The interventions introduced involved: (a) establishment of standardised stroke activation guidelines; (b) screening for ‘one-sided weakness’ at registration; (c) introduction of prehospital centralised notification for stroke activation; (d) display of multilingual posters at prominent locations in patient care areas; (e) rapid neurological assessment and scripting of consent; and (f) easy access to equipment for thrombolysis.

A survey of ED doctors and nurses showed that the decision of triage to resuscitation and/or stroke activation was arbitrary, with a time frame of 3–4.5 hours and application of variable exclusion criteria. This ambiguity increased time to stroke activation. We decided to standardise the activation criterion to ‘any patient with stroke symptoms presenting within five hours of onset’, which aligned it with prehospital EMS (Emergency Medical Services) criterion. Reminders were broadcast during staff meetings. The ED electronic system was programmed to remind staff of the activation window upon first contact with relevant patients.

ED administrative personnel screened all patients at registration. Screening allowed early identification of time-sensitive emergencies (e.g. all patients who screened positive for chest pain underwent an electrocardiogram before triage, allowing expedient diagnosis of ST-elevation acute myocardial infarction). Triage nurses immediately attended to any patients who screened positive for one-sided weakness to determine the onset of symptoms. Patients with symptom onset within five hours were up-triaged to the resuscitation area for stroke activation. This screening symptom was selected based on the ease of interpretation and translation by non-medically-trained staff and patients. Under this intervention, the hospital’s call centre would broadcast all prehospital notifications for acute stroke to the neurology resident-on-call and neurology advanced nurse practitioner. This made it possible to assemble the stroke team prior to the patient’s arrival for prehospital standby cases and upon the patient’s arrival for non-standby cases.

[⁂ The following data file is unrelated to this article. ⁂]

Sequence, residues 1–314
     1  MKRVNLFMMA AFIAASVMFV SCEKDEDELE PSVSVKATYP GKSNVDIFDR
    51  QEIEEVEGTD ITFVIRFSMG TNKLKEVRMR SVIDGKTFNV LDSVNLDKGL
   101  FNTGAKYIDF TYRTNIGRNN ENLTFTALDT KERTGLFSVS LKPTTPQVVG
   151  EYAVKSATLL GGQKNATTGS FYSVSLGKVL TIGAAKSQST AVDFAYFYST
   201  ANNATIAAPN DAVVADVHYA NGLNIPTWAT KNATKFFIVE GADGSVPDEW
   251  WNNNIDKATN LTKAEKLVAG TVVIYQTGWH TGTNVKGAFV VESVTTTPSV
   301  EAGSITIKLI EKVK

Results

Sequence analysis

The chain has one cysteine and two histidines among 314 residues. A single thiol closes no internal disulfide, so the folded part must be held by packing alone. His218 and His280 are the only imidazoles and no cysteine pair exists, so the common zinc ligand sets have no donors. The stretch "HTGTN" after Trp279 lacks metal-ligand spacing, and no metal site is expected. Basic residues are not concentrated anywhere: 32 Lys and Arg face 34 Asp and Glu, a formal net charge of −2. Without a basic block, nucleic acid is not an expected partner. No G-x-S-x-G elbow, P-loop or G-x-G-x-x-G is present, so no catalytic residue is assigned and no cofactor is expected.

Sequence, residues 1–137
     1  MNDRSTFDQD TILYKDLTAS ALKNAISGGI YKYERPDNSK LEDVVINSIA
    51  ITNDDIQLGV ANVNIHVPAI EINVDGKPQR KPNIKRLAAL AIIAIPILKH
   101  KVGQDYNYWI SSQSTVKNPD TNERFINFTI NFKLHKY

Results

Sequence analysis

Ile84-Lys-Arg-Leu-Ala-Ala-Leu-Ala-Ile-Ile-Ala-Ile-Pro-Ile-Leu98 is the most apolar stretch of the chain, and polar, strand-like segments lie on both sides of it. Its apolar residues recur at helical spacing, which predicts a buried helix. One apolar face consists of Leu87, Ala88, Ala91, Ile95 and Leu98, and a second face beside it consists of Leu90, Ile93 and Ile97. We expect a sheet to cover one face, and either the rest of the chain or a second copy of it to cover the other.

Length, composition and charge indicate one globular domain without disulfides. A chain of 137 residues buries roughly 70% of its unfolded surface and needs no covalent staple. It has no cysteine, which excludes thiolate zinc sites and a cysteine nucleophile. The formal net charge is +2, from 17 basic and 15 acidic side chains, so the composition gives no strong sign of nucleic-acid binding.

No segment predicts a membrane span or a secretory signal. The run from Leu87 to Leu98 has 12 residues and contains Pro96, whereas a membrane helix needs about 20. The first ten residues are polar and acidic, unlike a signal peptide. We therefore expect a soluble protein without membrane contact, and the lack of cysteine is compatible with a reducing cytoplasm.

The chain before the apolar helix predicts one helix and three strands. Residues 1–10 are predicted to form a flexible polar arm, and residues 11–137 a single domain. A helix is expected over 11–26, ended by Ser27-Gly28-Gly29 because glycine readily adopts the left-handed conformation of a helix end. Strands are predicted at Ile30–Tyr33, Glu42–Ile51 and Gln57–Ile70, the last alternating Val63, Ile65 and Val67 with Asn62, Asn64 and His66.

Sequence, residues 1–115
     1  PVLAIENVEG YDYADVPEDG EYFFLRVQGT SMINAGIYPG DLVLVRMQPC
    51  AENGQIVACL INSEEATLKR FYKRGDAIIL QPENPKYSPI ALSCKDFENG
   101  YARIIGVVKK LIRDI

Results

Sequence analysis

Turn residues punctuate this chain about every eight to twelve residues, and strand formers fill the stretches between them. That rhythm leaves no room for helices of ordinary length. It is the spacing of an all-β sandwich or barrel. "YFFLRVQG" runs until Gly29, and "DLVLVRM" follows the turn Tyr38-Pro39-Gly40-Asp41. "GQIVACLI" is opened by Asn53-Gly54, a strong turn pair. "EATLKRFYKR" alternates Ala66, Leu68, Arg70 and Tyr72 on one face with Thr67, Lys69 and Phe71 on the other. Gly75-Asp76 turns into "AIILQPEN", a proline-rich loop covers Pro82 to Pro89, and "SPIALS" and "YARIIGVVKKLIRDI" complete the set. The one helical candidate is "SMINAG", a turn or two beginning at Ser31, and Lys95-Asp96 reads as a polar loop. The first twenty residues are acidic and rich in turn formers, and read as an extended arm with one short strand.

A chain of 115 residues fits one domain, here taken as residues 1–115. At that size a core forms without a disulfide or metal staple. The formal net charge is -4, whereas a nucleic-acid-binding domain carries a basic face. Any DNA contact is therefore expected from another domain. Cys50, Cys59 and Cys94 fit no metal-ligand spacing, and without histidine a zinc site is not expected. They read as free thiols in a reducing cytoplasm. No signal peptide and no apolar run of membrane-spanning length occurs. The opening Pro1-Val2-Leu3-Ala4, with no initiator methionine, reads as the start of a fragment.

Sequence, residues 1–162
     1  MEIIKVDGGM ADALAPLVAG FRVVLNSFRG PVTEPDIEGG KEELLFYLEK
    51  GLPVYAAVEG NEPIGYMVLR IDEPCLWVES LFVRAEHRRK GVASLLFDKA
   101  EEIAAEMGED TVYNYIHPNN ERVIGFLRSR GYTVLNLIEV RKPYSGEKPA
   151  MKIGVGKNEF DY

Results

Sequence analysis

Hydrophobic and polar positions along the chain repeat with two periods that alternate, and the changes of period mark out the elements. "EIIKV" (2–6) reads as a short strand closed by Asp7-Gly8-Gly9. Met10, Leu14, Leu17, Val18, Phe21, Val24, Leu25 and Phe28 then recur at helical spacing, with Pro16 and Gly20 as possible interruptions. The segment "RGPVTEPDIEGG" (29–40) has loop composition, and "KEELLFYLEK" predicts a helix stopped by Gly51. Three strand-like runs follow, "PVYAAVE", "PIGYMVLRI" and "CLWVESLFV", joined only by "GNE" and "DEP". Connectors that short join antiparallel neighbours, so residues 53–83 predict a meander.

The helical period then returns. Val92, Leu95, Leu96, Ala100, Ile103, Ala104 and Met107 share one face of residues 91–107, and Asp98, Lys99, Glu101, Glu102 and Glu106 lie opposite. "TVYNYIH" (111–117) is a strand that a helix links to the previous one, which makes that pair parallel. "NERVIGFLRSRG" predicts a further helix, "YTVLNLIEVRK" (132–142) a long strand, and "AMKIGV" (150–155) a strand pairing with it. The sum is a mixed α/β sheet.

Posters in the dominant four languages of Singapore’s multiethnic society were placed at prominent locations in the patient care areas to increase patient awareness of stroke. This was in line with a nationwide campaign to increase stroke awareness and the importance of prompt treatment.

The consultant neurologist, who was also the head of the stroke service, coached all neurology senior residents. These sessions were akin to direct observation of procedural skills, where the resident was observed during real-life assessment of a stroke patient. Residents were also equipped with a script for counselling and consent for thrombolysis. Consent for thrombolysis involved verbal consent. This was the first known implementation of verbal consent for thrombolysis in Singapore. A thrombolysis kit was placed in the radiology suite, with instructions and precalculated dosages of rtPA according to body weight.

Throughout the study period, staff meetings were held in participating departments to educate key players and raise awareness of the time-dependent treatment efficacy. The aim was to ingrain a Pavlovian sense of urgency in the staff towards the management of all acute strokes. At the end of the intervention phase, a clinical pathway for the management of acute ischaemic stroke with rtPA was designed and put into practice. Figs. 1 and 2 show the post-intervention workflow for acute stroke.

Fig. 1

Flowchart shows the resuscitation workflow. APN: advanced practice nurse; Cr: creatinine; ED: emergency department; EMS: Emergency Medical Services; FBC: full blood count; GXM: group and crossmatch; NL: neurology; iSTAT: point-of-care testing iSTAT system; PT/PTT: prothrombin time/partial thromboplastin time; RP: renal panel (consisting of electrolyte, urea and creatinine levels)

Fig. 2

Flowchart shows the non-resuscitation workflow. PAC: patient acuity care

The primary outcome measure was the percentage of acute ischaemic stroke patients receiving rtPA within 60 minutes of arrival at the ED. Secondary outcome measures included the time periods that made up the total DTN (i.e. DTP, DTI and DT), complication rates and mortality. Target DTP, DTI and DT times were ≤ 10 minutes, ≤ 25 minutes and ≤ 20 minutes, respectively. DTP and DTI times were based on AHA/ASA recommendations. Complications included the rates of symptomatic intracranial haemorrhage and other haemorrhagic complications. Symptomatic intracranial haemorrhage was defined as haemorrhage that required reversal agents or neurosurgical intervention, or that led to death within 72 hours. Qualitative analyses were conducted to determine the reasons for delayed thrombolysis in patients who received rtPA during the pre-intervention and intervention phases.

Statistical analyses were conducted using IBM SPSS Statistics version 24.0 (IBM Corp, Armonk, NY, USA). Categorical data was presented as numbers and percentages, while non-normal continuous data was presented as medians and interquartile ranges (IQRs). Chi-square test was used to compare data, with p < 0.05 being considered statistically significant.